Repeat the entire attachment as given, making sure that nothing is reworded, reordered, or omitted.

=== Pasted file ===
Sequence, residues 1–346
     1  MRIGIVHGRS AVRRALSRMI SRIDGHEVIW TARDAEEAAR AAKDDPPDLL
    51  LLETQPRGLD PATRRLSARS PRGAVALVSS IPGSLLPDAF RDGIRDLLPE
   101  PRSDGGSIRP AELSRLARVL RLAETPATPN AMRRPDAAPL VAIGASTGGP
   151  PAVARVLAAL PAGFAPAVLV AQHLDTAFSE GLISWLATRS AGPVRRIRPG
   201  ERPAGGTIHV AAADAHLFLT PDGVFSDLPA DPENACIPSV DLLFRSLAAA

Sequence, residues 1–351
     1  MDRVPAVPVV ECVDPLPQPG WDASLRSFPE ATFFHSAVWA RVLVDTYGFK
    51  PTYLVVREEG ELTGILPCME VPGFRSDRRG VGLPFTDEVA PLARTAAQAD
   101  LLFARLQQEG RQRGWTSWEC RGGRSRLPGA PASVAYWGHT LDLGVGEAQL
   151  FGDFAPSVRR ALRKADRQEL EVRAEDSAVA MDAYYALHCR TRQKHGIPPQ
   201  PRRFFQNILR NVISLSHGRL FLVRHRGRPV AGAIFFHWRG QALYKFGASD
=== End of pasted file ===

Sequence, residues 1–346
     1  MRIGIVHGRS AVRRALSRMI SRIDGHEVIW TARDAEEAAR AAKDDPPDLL
    51  LLETQPRGLD PATRRLSARS PRGAVALVSS IPGSLLPDAF RDGIRDLLPE
   101  PRSDGGSIRP AELSRLARVL RLAETPATPN AMRRPDAAPL VAIGASTGGP
   151  PAVARVLAAL PAGFAPAVLV AQHLDTAFSE GLISWLATRS AGPVRRIRPG
   201  ERPAGGTIHV AAADAHLFLT PDGVFSDLPA DPENACIPSV DLLFRSLAAA

Sequence, residues 1–351
     1  MDRVPAVPVV ECVDPLPQPG WDASLRSFPE ATFFHSAVWA RVLVDTYGFK
    51  PTYLVVREEG ELTGILPCME VPGFRSDRRG VGLPFTDEVA PLARTAAQAD
   101  LLFARLQQEG RQRGWTSWEC RGGRSRLPGA PASVAYWGHT LDLGVGEAQL
   151  FGDFAPSVRR ALRKADRQEL EVRAEDSAVA MDAYYALHCR TRQKHGIPPQ
   201  PRRFFQNILR NVISLSHGRL FLVRHRGRPV AGAIFFHWRG QALYKFGASD